If there was a moment when it began to go wrong, it was when Nidhiki and Krekka failed to prevent Lhikan from handing out Toa stones to six worthless Matoran. Those six became the Toa Metru, a new team of meddlers determined to interfere with my plans. I had unleashed an intelligent plant menace of my own creation, the Morbuzakh, on the city, driving the Matoran into panic. The Toa Metru used the Great Disks and destroyed it.
But even that I was able to use to my advantage. They had temporarily used up their elemental powers in the fight and had not yet mastered their mask powers. When they couldn’t show either to a crowd of assembled villagers, I branded them as frauds and ordered their arrest. But my Vahki and Dark Hunters were only able to capture three, leaving Vakama, Nokama, and Matau free.
I would not allow any delay in my plans. While some Vahki pursued the three Toa, the rest captured the city’s Matoran and put them into canisters where they would be forced into a deep sleep. Over time, they would lose their memories of how they had been imprisoned. Then I would free them and they would hail me as their rescuer, gladly giving me their loyalty and complete control of Metru Nui. Of course, it would take many centuries for that to happen… unless I had the Kanohi Vahi, the Mask of Time, and could speed time up for the sleeping Matoran.
Vakama had succeeded in making the mask, by combining the six Great Disks. But before the Vahki could get it away from him, he and his allies had succeeded in freeing the other three Toa Metru and Lhikan, who had now become a Turaga. Then they dared to mount an attack on me – me! – totally ignoring how hopeless their cause must be.
Needing more power for the coming fight, I absorbed the energies of the Metru Nui power plant, along with the bodies and minds of Nidhiki, Krekka, and my flying Rahi, Nivawk. Shapeshifting into a large, winged form, I challenged Vakama for possession of the Vahi, even as earthquakes crumbled the city around us. He was tricky, ducking and dodging and hiding from my sight until his friends could arrive.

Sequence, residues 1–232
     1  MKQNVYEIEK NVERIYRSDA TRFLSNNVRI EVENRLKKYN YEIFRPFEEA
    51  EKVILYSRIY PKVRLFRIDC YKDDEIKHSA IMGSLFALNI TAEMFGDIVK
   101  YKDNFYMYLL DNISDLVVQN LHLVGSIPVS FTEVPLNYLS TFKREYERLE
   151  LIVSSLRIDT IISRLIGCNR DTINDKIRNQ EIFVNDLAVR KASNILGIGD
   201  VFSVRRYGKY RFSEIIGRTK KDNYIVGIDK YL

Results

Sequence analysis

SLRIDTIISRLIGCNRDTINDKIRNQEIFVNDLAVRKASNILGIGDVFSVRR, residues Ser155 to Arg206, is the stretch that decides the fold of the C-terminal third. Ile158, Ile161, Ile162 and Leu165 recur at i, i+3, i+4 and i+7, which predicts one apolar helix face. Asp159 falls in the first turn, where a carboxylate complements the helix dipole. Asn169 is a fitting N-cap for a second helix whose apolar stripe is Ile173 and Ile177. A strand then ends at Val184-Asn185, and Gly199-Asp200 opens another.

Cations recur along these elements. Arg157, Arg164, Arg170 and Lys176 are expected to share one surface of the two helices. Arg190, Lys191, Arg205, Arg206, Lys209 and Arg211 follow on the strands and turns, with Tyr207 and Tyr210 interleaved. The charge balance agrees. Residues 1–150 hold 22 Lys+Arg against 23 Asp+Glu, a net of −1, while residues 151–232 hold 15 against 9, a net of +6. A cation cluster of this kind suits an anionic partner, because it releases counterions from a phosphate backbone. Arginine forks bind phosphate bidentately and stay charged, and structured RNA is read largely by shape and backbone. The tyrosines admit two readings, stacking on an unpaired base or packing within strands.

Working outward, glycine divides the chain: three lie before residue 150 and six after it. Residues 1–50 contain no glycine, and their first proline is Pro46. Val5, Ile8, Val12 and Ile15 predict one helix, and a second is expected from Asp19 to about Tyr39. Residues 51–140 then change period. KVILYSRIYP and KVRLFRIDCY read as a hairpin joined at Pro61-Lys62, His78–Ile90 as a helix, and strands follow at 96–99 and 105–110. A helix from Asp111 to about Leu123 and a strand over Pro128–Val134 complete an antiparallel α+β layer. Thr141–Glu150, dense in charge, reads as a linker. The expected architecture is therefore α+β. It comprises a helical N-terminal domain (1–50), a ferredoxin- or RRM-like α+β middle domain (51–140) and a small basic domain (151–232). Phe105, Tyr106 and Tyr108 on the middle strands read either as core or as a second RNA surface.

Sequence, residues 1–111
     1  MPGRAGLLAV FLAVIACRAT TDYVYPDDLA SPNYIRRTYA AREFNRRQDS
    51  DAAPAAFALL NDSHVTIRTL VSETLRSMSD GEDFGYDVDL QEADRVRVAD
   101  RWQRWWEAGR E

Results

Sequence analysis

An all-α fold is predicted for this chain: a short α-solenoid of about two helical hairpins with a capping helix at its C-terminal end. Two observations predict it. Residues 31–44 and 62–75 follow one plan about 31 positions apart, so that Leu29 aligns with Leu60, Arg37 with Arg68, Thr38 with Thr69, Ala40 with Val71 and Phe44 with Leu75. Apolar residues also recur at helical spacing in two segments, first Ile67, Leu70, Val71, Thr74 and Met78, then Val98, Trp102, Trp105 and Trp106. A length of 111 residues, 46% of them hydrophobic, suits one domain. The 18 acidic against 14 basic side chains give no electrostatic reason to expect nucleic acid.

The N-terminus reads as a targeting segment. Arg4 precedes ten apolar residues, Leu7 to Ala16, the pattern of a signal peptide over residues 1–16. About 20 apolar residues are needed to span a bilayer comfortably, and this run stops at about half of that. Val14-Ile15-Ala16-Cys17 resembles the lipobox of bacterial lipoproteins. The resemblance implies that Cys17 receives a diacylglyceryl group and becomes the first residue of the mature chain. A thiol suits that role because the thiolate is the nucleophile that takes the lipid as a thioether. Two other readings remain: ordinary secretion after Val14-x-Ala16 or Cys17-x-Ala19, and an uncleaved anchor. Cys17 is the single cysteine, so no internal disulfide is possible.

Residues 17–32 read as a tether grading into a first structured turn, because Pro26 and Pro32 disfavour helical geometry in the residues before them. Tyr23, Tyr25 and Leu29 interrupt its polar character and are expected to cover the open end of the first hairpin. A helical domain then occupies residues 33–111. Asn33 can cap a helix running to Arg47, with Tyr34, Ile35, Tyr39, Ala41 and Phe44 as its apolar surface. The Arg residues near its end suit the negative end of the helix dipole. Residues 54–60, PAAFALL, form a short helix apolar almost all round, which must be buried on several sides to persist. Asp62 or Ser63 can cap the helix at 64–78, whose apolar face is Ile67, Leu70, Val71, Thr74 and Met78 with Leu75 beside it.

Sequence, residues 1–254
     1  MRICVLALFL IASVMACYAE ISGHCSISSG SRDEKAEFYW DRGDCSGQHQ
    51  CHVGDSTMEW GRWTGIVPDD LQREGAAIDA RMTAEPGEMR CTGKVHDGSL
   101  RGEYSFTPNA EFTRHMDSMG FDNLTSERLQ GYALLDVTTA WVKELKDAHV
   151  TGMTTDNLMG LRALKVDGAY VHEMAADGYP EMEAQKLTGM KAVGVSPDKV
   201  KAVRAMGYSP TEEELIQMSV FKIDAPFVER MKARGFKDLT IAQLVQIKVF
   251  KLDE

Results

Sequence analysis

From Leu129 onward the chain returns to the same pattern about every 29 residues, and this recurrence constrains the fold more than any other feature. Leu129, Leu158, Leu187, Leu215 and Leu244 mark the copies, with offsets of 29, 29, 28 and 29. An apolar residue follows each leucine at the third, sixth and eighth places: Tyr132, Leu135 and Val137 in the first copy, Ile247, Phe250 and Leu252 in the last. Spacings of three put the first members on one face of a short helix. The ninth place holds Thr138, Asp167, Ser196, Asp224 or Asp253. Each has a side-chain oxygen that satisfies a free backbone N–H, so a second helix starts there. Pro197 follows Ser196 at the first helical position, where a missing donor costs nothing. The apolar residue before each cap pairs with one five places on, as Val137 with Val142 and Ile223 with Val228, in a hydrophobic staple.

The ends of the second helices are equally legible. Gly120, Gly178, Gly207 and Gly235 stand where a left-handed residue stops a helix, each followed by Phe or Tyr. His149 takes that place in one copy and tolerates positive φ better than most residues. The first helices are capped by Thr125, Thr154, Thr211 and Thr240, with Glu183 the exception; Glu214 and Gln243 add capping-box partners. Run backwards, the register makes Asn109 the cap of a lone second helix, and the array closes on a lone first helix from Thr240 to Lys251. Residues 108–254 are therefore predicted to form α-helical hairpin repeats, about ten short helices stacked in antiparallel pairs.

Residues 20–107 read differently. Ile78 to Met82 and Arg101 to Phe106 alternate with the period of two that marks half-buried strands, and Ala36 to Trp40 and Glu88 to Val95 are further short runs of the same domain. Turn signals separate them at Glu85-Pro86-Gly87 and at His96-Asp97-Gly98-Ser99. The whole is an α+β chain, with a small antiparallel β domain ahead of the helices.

Even then, I would have absorbed him as I had the Dark Hunters had he not suddenly realized how to use the Mask of Time. He slowed time down around me, delaying my revenge. But the fool could not control the Vahi’s power and trapped himself in the time slowdown as well. I knew I had only to wait until his will weakened and he would be mine.
I never saw Turaga Lhikan running toward us, or his leap in between us, but when time at last flowed normally, it was Lhikan who took the blast meant for Vakama and died. Given a second chance at life, the Toa Metru attacked, trapping me inside a prison of solid protodermis locked with a Toa Seal.
They thought me defeated and helpless, of course… Toa often make that mistake. They could not know that I was reaching out with my mind to a pair of servants, who would soon arrive in Metru Nui and avenge my defeat…
For almost 1000 years, I attacked the Matoran of Mata Nui with wild Rahi, storms, and plagues, all designed to break their spirits. Just when I believed they might be ready to crack, the Toa Mata arrived, to give them new hope. Or were they really the Toa Mata? I had to find out, and so set Rahi against them, knowing true Toa would be able to defeat them with ease.
That they did, battling their way even past the Manas crabs who guarded my lair and the Shadow Toa I unleashed upon them. When they reached Mangaia, I warned them of the power they faced, but they would not surrender. Instead, they attacked. Unwilling to waste my energies in battle with them, I let them believe they had beaten me. But even as they departed, secure in their victory, I was plotting to strike again.